|類型/形式：||Criticism, interpretation, etc|
Mark S Goodacre
|描述：||x, 226 pages ; 23 cm|
|内容：||First impressions --
Verbatim agreement between Thomas and the Synoptics --
Diagnostic shards --
Matthean redaction in Thomas --
Lukan redaction in Thomas --
A special case: Thomas 79 and Luke --
The missing middle in Thomas --
Orality, literacy, and Thomas --
Dating Thomas and the Gospels --
Secrecy, authority, and legitimation: how and why Thomas used the Synoptics --
Conclusion: the Fifth Gospel?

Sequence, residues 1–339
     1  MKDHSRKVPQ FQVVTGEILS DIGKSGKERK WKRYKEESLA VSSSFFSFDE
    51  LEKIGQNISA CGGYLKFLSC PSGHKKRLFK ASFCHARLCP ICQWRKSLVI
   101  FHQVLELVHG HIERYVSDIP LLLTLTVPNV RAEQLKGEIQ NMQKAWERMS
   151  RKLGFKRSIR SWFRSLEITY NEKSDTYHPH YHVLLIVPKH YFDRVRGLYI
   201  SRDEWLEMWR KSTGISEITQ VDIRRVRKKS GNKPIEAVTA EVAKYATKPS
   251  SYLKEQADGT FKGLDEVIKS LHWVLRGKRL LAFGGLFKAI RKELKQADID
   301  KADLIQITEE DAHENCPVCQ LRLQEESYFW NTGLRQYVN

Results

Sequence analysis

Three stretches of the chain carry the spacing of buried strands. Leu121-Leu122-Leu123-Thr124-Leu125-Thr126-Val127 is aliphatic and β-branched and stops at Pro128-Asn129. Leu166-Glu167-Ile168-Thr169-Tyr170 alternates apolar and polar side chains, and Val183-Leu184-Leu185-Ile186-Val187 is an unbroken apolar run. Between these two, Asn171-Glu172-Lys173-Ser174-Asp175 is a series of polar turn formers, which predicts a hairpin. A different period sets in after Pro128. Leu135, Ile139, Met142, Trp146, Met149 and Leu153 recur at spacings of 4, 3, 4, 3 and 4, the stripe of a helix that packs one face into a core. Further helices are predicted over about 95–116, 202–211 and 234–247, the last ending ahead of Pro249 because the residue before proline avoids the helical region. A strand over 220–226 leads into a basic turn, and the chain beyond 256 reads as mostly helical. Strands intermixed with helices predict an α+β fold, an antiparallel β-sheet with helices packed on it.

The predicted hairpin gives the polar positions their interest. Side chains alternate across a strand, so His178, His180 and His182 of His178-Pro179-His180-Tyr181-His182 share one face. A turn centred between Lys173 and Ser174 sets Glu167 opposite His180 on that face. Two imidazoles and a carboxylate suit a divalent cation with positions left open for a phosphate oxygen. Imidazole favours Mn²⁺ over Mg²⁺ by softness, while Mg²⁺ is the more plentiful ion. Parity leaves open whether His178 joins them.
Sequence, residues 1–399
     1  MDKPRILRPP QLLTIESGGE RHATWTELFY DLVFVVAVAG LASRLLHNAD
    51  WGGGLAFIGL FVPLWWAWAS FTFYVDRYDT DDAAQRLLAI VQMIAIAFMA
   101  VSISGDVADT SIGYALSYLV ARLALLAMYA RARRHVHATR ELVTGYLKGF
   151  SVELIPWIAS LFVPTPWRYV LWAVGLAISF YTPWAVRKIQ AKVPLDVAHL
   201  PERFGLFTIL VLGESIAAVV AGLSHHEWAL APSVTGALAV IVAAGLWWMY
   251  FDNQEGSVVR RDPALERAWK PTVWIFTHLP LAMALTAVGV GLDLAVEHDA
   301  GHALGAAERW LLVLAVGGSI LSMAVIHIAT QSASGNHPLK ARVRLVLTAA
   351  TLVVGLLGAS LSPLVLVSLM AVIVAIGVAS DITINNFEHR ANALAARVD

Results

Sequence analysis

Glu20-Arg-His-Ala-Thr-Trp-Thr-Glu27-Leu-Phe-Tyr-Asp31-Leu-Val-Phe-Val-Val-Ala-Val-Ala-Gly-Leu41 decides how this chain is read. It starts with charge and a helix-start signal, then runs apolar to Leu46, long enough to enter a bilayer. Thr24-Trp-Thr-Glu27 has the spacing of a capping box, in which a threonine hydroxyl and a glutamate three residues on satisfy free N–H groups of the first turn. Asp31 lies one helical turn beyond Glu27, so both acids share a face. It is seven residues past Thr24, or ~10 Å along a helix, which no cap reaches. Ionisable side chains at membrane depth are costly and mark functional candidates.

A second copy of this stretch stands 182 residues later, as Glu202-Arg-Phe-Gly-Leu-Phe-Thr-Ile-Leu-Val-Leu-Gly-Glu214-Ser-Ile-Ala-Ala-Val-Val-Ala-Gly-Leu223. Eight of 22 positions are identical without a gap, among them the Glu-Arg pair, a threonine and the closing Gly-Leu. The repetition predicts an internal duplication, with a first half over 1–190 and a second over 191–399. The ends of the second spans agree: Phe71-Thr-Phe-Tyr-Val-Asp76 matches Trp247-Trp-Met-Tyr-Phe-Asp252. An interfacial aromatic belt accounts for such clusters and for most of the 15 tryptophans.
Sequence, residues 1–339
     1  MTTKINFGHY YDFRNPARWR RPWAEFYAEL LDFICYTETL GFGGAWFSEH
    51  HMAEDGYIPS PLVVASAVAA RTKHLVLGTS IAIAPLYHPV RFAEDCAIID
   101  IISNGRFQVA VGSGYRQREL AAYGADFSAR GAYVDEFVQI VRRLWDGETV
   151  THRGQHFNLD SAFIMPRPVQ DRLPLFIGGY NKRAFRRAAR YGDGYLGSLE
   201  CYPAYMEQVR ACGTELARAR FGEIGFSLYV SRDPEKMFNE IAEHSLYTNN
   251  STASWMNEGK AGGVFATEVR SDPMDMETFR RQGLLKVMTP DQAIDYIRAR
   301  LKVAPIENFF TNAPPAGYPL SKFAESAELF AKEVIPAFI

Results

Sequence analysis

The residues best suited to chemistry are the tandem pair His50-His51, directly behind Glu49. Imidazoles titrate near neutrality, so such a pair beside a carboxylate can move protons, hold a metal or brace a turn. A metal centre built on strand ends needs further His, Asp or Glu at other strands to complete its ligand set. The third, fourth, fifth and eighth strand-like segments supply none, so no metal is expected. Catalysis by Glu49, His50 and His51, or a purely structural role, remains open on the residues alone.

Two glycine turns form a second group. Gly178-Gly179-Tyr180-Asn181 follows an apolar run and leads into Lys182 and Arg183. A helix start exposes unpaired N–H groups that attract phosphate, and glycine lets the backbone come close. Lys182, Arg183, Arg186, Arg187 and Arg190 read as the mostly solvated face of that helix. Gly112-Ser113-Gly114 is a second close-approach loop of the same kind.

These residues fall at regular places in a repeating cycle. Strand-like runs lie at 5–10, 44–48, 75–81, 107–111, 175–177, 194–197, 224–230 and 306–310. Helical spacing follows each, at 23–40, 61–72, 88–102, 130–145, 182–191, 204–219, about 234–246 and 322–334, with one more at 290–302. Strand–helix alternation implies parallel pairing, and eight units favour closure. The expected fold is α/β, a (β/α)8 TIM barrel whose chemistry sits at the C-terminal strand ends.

The Gospel of Thomas -- found in 1945 -- has been described as "without question the most significant Christian book discovered in modern times." Often Thomas is seen as a special independent witness to the earliest phase of Christianity and as evidence for the now-popular view that this earliest phase was a dynamic time of great variety and diversity. In contrast, Mark Goodacre makes the case that, instead of being an early, independent source, Thomas actually draws on the Synoptic Gospels as source material -- not to provide a clear narrative, but to assemble an enigmatic collection of mysterious, pithy sayings to unnerve and affect the reader. Goodacre supports his argument with illuminating analyses and careful comparisons of Thomas with Matthew and Luke.